DESCRIPTION OR DECEPTION?
There are many ways that some action camera makers and sellers describe their products with half-truths and outright lies. This is especially true with cheap cameras that claim to record 4K video.
With the cost of components today it’s impossible for a true 4K camera to cost less than USD $200 at a discount and more likely it will cost over $250. There is absolutely no way the $35.99 XDV camera could shoot true 4K.
What do I mean by “true 4K”? In their published standard ITU-R BT.2020-2 (10/2015), the International Telecommunication Union defines 4K Ultra High Definition (called 4K Ultra HD or simply UHD) as having a resolution of 3840 x 2160 pixels at frame rates not less than 23.976 frames per second (fps). These should be native, i.e., resolutions that aren’t interpolated and frame rates that aren’t doubled, tripled, etc. The Consumer Technology Association also defines 4K Ultra HD as 3840 x 2160 resolution.
How do sellers and manufacturers deceive buyers? They fail to disclose that their 4K resolution is achieved by interpolation, or their frame rates by frame doubling (showing each frame twice), or both. Sometimes they don’t even bother with frame doubling: the camera simply records 4K at a lousy 15, 12 or even 10fps – like stop-action animation.
Even more prevalent are false image size claims. Often action cameras will have an image sensor capable of, let’s say, 8 megapixels (MP) but claim the camera shoots 12, 16 or 20MP photos. They fail to disclose that those larger image sizes are interpolated.
How can you uncover these deceptions? Sometimes sellers and manufacturers actually make it easy when they reveal the camera’s image sensor. Some sensor manufacturers publish their product data in the form of a datasheet or product brief. This will tell you the sensor’s size and frame rate capabilities. This information is often available for image processors as well.
However, some people with inside knowledge of the industry say that no matter what components the manufacturer claims are in a camera there’s a chance that cheaper ones might have been used. Sometimes this can be due to purposeful deception on the part of the camera maker. Yet due to the widespread presence of counterfeit components in China it’s also possible that lower quality components were unknowingly used during assembly. Personally I’ve never seen proof of of these claims.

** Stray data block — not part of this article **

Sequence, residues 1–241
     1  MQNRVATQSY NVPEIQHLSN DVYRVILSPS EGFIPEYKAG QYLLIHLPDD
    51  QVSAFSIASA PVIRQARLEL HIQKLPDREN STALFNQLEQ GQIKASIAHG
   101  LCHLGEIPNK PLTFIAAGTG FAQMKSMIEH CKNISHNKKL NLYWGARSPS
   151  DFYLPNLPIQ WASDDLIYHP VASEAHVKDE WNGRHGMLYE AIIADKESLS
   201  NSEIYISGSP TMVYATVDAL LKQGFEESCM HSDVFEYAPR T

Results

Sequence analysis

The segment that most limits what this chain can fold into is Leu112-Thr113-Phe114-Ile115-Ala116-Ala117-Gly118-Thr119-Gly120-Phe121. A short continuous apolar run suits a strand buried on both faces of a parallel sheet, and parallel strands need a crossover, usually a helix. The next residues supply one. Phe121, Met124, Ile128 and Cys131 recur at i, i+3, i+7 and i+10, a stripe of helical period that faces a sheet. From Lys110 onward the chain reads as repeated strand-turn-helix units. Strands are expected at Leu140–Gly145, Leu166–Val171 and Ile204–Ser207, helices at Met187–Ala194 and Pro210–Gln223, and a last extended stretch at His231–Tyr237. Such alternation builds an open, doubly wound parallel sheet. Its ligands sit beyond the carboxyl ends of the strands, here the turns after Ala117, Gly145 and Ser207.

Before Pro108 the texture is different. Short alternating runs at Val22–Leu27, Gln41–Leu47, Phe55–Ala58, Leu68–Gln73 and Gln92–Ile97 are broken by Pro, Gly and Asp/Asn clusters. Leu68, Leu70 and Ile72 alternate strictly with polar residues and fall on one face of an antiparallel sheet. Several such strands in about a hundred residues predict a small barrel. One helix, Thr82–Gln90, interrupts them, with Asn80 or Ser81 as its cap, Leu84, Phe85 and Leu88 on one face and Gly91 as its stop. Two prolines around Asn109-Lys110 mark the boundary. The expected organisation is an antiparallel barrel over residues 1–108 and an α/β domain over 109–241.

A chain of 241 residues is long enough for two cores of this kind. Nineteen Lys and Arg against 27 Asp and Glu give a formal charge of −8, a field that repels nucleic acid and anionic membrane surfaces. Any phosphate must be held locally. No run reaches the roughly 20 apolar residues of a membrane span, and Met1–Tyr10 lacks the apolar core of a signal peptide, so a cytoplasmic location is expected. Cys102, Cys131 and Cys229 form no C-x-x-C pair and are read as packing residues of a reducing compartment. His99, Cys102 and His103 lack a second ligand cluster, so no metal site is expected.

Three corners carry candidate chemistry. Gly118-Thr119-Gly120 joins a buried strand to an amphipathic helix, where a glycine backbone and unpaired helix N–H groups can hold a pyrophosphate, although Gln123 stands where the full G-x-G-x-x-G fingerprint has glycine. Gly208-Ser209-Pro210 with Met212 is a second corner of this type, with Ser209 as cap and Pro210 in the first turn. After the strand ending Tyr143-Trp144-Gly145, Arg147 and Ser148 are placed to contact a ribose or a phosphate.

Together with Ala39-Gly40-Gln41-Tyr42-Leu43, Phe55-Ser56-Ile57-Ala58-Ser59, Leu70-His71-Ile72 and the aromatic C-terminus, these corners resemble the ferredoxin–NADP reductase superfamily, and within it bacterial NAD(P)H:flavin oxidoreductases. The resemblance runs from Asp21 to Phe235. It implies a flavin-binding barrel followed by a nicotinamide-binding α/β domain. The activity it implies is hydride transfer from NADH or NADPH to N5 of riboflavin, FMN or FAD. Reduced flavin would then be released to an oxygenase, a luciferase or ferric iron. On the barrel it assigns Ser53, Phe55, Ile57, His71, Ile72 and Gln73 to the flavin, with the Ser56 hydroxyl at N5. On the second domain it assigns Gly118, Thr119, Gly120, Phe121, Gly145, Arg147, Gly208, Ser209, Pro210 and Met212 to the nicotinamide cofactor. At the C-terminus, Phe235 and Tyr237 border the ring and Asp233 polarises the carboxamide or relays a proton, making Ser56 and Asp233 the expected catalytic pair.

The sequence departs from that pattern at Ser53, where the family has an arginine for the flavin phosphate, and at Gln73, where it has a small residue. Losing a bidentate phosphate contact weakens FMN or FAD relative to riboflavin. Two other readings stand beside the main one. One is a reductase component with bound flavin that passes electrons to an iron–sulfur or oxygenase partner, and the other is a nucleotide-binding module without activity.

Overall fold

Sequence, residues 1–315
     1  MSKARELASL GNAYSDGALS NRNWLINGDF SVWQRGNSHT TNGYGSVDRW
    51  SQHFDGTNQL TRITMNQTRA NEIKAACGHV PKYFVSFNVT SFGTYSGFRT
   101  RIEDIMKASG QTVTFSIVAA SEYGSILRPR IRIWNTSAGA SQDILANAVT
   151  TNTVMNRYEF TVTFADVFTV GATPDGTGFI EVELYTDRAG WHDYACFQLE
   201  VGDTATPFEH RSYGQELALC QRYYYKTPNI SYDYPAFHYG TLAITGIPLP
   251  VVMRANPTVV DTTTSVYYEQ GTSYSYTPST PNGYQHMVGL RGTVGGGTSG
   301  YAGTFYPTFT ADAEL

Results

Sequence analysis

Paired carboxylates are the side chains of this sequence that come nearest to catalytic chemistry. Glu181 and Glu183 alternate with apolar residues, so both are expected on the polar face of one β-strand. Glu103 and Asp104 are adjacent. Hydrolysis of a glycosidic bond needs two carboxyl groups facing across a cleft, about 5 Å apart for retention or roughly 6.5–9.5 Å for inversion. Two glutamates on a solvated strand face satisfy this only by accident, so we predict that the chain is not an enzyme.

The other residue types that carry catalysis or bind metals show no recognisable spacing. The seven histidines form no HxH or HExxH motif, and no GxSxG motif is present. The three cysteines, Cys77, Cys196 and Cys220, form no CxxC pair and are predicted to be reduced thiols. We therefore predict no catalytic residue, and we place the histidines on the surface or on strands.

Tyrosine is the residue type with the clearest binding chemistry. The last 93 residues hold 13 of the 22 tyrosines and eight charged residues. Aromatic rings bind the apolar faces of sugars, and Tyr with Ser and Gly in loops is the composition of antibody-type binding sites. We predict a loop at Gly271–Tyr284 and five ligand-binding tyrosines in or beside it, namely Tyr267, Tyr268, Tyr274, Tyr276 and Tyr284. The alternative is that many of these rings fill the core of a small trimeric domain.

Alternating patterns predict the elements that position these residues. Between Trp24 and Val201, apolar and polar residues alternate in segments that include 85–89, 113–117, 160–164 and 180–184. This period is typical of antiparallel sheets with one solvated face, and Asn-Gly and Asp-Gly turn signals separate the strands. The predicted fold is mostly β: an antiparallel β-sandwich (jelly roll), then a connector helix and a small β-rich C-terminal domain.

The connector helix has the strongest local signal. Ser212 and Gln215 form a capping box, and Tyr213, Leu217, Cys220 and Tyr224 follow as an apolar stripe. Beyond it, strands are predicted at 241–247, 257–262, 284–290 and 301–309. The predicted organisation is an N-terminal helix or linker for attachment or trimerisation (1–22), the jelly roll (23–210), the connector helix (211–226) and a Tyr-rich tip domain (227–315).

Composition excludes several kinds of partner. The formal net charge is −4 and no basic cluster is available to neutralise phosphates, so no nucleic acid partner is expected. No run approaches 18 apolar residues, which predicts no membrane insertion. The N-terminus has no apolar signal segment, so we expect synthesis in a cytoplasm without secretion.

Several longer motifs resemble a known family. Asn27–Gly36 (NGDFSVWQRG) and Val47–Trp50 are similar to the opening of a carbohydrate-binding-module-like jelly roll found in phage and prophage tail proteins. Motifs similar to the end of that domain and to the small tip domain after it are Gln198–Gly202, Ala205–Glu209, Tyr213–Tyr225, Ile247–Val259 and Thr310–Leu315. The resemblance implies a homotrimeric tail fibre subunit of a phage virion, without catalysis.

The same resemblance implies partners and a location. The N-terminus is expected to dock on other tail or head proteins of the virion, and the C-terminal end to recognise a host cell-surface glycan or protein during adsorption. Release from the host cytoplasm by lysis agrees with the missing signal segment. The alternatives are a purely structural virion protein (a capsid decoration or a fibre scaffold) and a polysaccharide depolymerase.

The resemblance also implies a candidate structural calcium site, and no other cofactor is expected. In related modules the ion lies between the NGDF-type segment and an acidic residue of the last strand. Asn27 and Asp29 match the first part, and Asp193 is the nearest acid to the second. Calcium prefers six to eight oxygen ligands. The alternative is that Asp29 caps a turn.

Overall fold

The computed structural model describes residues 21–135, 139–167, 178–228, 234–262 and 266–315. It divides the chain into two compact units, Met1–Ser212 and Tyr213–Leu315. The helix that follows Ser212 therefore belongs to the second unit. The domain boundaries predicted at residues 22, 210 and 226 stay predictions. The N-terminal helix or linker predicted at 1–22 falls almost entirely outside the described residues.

The XDV is supposedly equipped with a Sony IMX179 image sensor. Even so, the Sony isn’t capable of native 4K video anyway. Sony’s specs also show a maximum image size of 8MP. Anything larger is interpolated. My XDV supposedly has an Allwinner V3 image processor but Allwinner’s specifications indicate the processor can only handle a maximum of 1080p 60fps and a maximum image size of 8MP.
With this camera it’s hard to tell if sellers or the camera maker are more responsible for these deceptions. The seller I bought it from calls the camera “V3 4K WiFi Sport Camera 16MP”. What I received was a camera branded as “XDV”. According to the box it claims to have, “16Mega Pixels CMOS-Sensor, sony 179” (sic). There is no such thing as a 16MP Sony IMX179.
Some sellers also claim the camera has optical zoom. It doesn’t – it has digital zoom. In a further slip, one seller’s web page made this statement: “With a speed of 30fps, the Elecam records 4K video with much clearer picture, more colorful details, enabling users record movement details more vividly.” If you’re going to cut-and-paste you could at least get the brand name correct!
These issues aren’t unique to the XDV. On one seller’s website I found three other “4K” cameras under $40 that have the combination of Allwinner V3 and IMX179 and all three are listed as having the same app, “XDV”. Several other online sellers also have multiples of such cameras.
I can’t say for sure but this leads me to believe they’re all cheap clones of each other and are likely to perform similarly. One seller’s web page had screenshots of their camera’s menu and it was identical to the XDV. There are also a number of YouTube review videos of these cameras with different names but all the menus (and apps) are XDV. All of them rotate on sale for under US $40 so if you simply must have this camera, consider buying whichever one is cheapest at the time of your purchase.
However, because of the type of dishonesty I described, many people won’t buy such cameras as a matter of principle – a very reasonable stand. I take a different approach. If I know in advance that the 4K claim is false but the camera still shoots good videos and photos then I’m willing to consider it. Unfortunately the XDV does no such thing.